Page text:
He had changed his name. I didn’t even have to ask why. Dev, to call him by his new name, had joined our school and become a perennial butt of jokes the moment he said his name. His was a long, clumsy, antiquated, totally ridiculous name. Nobody should be made to bear the unreasonable weight of such a name. His father adored a religious guru, and this pretentious Holy Man had foisted the horrid name on his disciple’s child, claiming that it would bring the kid endless blessing. It had brought my friend endless ridicule. To his father’s mortification he had gone to a court of law, repudiated the guru’s christening and chosen a simple new name.
To change a name has huge consequences. You have to amend your birth certificate, seek new certificates from your school and university, pay for a new marriage certificate, buy a new passport, and solicit new identification papers for your job, car, home, gym and club. It takes time and it costs money. But Dev was prepared to do it all to disencumber his life of what he thought was an obnoxious name.
When my two daughters entered my life, I wanted their names to reflect the unlike traditions of their mother and father alike. I knew my parents would like the children to have Indian names, but I also knew that my parents-in-law would like them to have Scandinavian names. At the same time, they would grow up in the US, and I did not want them burdened by names that would seem bizarre to their friends. To meet all the criteria seemed a bit of a challenge.
Before they were born, I had drawn up four lists: first, names of girls that would work perfectly both in the east and the west; second, names of girls that would work well in the east or west, and work reasonably in the other hemisphere; third and fourth, names of boys, chosen on the same basis. When I knew I had girls, my wife and I focused primarily on the first list to the exclusion of the others.
Of the thirty names in the list, we excluded the ten we did not care for. Of the remaining twenty, we quickly chose Lina. In several western languages, it meant ‘the beautiful one,’ which seemed appropriate for our charming baby; in several Asian ones, as in Sanskrit, it meant ‘the committed one.’ The word even occurred in the Indian national anthem. The striking thing was the name was also the abbreviation for Magdalina, a hallowed Biblical name, and a popular Scandinavian appellation.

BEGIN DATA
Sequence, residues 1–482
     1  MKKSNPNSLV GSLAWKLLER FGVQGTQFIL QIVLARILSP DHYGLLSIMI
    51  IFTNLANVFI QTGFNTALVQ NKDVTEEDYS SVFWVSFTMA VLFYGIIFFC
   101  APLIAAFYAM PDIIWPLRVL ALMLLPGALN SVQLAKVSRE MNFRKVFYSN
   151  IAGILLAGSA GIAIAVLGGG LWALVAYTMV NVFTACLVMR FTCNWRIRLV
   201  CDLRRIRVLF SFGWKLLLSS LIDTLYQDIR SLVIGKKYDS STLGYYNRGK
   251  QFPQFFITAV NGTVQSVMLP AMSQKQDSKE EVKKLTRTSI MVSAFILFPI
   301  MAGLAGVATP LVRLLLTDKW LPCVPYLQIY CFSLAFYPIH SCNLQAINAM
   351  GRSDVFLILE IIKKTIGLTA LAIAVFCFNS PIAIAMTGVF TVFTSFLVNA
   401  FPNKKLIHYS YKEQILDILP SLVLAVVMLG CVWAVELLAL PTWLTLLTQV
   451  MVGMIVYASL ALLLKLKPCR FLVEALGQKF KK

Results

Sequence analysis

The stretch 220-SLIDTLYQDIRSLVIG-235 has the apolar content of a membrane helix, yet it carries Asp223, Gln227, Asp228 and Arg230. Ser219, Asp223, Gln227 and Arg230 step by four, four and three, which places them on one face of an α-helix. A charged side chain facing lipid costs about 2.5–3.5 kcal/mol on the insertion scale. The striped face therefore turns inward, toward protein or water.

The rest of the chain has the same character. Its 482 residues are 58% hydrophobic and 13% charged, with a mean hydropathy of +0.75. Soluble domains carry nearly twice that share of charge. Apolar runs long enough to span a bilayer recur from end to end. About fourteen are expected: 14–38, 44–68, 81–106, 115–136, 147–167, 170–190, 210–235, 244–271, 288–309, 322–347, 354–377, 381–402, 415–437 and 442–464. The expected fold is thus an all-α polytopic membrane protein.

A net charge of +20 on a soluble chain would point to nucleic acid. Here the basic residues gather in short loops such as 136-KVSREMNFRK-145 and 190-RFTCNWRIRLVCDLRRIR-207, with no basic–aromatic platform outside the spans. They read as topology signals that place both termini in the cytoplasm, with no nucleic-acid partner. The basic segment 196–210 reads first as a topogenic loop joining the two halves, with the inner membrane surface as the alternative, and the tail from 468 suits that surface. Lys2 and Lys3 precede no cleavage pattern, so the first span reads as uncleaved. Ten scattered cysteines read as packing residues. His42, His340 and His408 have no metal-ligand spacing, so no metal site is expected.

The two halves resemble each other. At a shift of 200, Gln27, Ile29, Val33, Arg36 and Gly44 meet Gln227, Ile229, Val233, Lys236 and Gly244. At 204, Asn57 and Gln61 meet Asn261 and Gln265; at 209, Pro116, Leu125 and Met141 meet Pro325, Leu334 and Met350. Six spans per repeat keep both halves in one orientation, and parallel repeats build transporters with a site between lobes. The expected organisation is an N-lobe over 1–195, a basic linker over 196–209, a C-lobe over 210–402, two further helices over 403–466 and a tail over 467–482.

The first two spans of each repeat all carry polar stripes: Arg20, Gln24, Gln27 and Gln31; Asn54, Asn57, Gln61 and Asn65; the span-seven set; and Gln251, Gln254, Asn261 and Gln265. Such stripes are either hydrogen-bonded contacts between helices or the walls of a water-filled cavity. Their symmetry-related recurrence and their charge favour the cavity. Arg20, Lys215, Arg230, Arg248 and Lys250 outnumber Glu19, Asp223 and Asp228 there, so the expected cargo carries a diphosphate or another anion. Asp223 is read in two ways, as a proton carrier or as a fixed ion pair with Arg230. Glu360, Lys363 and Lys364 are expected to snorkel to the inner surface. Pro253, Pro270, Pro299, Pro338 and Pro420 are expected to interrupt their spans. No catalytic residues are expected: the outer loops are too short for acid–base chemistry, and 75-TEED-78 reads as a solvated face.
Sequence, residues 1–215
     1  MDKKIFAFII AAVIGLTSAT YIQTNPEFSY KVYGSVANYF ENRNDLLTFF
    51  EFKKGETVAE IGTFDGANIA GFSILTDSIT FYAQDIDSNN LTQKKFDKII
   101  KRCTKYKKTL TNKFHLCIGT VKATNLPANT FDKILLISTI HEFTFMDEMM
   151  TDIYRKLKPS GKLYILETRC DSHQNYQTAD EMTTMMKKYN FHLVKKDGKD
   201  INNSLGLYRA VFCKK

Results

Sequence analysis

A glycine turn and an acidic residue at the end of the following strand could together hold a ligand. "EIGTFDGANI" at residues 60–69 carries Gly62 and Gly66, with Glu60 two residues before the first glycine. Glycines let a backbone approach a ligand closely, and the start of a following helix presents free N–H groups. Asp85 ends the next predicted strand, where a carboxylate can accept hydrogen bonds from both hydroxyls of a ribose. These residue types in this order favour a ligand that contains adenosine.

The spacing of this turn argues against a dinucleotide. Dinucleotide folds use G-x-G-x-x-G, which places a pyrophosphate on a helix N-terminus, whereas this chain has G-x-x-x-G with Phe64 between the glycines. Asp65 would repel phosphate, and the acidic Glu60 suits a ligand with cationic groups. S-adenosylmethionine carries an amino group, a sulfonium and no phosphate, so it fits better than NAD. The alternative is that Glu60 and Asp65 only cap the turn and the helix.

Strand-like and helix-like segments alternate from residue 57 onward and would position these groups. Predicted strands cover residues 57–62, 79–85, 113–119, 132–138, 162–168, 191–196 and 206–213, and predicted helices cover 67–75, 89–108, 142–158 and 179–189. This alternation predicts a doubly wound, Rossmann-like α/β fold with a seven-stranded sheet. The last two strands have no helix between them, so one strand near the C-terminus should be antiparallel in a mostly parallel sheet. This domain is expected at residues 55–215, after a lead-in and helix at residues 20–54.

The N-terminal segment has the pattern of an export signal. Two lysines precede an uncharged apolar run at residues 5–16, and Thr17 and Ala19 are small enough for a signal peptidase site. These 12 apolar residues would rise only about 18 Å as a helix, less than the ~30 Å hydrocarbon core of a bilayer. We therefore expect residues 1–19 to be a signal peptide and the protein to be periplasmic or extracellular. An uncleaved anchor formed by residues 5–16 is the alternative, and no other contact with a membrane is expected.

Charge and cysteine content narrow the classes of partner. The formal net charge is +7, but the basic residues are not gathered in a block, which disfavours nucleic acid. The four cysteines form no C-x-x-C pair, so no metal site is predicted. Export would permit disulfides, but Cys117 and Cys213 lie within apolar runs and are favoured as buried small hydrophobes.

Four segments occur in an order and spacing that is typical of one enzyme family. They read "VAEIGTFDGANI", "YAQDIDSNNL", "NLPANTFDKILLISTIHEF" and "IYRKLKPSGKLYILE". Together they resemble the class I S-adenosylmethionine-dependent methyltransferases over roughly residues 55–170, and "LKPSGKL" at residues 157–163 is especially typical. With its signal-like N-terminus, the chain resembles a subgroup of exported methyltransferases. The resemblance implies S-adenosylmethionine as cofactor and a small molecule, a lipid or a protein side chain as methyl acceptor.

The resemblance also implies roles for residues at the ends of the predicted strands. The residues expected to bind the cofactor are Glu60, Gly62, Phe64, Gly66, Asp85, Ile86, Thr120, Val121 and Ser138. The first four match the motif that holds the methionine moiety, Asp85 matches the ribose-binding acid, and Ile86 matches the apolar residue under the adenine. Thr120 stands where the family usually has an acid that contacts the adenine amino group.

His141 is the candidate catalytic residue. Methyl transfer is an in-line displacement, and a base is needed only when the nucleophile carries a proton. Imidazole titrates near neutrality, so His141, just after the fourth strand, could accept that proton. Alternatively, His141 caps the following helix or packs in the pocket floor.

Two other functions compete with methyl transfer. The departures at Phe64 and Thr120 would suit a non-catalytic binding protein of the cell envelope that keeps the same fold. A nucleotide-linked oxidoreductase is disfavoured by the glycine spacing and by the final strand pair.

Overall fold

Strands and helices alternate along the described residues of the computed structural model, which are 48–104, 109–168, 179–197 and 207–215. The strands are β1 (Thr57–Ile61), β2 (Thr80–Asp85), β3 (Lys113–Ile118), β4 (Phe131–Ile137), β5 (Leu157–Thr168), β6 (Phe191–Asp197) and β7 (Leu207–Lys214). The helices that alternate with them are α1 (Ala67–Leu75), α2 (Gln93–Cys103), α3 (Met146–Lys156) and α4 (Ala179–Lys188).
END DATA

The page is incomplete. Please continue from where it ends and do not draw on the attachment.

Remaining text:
The spelling was a challenge. The current American usage dictated Lena, but in other countries it was likely to be mispronounced and taken as equivalent to a Japanese name. The Indian spelling of Leena would seem overly exotic in the US. We chose the European spelling of Lina, following my favorite Italian film director Lina Wertmüller or the Russian tennis star Lina Krasnoroutskaya.
For my second daughter, we returned to the list and picked Monica. The word may be of Phoenician origin, but, associated with the Latin word moneo, it means advisor or ‘the wise one.’ In Asian languages, it denotes ‘the little gem,’ which has a fortuitous but fortunate link with my own immodest name, which means, I am embarrassed to admit, the fairest gem.
The day I was wheeling Jane out of the hospital after our first child, the receptionist stopped me.
“Wait a minute,” she said, “I have to give you the birth certificate.”
Since my wife and I both have the same last name, the computer had automatically entered the correct last name.
“Tell me the baby’s first name,” the receptionist asked.
When I did, she asked, since a middle name is common in the US, “And the middle name, please.”
Jane responded, “We had so much trouble finding the right first name! Don’t ask about a middle name.”
She gave me the birth certificate in an envelope and I took it home, unscrutinized.
Some years later when we admitted Lina in a school in Manila, we were asked to produce the birth certificate and we did. Several weeks later we received a report on her progress. I was amazed to find the name at the top: Lina NMN Nandy.
Presumably the computer at the hospital would not produce a certificate unless a middle name was provided, and the receptionist had simply written No Middle Name. Now my daughter will forever carry an official name that would suggest a father too lazy to bother about a middle name.
Monica has just had a baby, and she has averted that catastrophe and made sure that her daughter has both a first name and a middle name. The baby has a charming first name from Greek legends, the very loyal spouse of Ulysses, Penelope; but my tongue has trouble getting around a four-syllable name without faltering on the accent. Nor can I use the middle name, Jane, without confusing everyone whether I am calling out for my grandchild or my wife. I may truly take the lazy man’s way out and lovingly address the tot as a precious Penny.